New City Hall in Nieuwegein
Danish office 3XN have completed the new City Hall and cultural center in the Dutch city of Nieuwegein. Nieuwegein is located five kilometers south of Utrecht, and since 1970 the city has grown from having just 8,000 inhabitants to 62,000 inhabitants in 2012. The strong growth in population makes heavy demands on the city administration to develop the city socially and culturally. "It's a challenge they are very conscious of in Nieuwegein. Therefore we have tried to create a building that can be a catalyst for social affiliation with the city," explains Principal and founder of 3XN, Kim Herforth Nielsen. "It was important for us to create a building that was welcoming, rather than authoritarian in its expression."
Architecturally the building takes its point of departure from a central and bright atrium from where a sculptural staircase rises up through the building and connects the many diverse facilities. By bringing together the local library, citizen service centre, café, cultural center and commercial spaces in the building, the City Hall fuses with a range of everyday activities. The design aims to create life in the building all day, and to strengthen the connection to the commercial and residential area surrounding the building.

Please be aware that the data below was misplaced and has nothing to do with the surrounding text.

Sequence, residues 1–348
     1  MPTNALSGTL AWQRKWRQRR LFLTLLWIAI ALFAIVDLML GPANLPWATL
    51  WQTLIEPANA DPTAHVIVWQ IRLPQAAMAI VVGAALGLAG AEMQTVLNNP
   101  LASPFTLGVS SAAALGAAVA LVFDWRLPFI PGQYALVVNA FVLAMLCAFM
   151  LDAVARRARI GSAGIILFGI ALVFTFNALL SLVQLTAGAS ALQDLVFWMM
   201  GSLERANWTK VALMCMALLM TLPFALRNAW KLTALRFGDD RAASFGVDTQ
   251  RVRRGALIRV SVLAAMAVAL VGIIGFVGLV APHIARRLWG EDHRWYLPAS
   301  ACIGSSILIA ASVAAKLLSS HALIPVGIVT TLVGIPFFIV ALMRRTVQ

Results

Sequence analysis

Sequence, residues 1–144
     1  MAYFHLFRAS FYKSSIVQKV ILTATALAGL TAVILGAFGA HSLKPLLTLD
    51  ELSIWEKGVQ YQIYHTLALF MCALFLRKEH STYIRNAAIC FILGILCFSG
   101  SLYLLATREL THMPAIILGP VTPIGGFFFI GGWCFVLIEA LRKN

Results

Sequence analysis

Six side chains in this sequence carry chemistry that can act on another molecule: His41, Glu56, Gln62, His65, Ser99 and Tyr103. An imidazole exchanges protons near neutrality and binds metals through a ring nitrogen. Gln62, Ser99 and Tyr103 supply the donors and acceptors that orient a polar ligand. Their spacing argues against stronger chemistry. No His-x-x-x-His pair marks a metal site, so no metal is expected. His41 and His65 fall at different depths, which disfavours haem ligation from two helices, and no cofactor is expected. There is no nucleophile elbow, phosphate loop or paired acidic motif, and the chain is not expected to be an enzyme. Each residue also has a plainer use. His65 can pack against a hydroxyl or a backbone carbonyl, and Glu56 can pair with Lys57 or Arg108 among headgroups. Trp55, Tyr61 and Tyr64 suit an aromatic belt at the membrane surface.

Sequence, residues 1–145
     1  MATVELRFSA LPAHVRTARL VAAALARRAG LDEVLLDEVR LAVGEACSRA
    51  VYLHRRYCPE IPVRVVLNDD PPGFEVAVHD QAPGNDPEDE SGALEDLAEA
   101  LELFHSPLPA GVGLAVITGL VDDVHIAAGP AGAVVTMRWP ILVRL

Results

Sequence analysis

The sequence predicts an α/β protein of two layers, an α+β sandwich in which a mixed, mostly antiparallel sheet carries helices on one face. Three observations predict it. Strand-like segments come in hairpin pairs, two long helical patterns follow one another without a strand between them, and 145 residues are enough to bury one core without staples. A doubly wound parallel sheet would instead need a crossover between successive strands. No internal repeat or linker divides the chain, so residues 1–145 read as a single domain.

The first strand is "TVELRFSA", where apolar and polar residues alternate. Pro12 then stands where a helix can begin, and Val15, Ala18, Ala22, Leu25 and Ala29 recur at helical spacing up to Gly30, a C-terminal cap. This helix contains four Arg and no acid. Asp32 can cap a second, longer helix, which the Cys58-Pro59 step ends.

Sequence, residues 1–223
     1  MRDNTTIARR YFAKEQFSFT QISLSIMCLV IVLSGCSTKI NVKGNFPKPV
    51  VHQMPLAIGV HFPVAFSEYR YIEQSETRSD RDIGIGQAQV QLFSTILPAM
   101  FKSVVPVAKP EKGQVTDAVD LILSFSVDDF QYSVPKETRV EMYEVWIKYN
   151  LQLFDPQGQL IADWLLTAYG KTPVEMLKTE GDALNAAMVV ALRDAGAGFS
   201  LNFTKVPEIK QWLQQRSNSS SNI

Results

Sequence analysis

The five floors spread out like a fan and open up towards the atrium, allowing the building's visitors and employees to visually connect with what is happening on the other floors. "Daylight contributes to a good working and living environment – it allows one to follow the rhythm of the day and enjoy the small nuances created by the shifting daylight," explains Kim Herforth Nielsen. The building has two facades. The inner is a traditional facade of concrete and glass, while the exterior facade of glass patterned silkscreen almost folds around the building, but without covering it completely. This avoids direct sunlight in workstation areas, while spaces like the lobby and restaurant receive maximum natural daylight and unobstructed views over the city.
Images: Adam Mork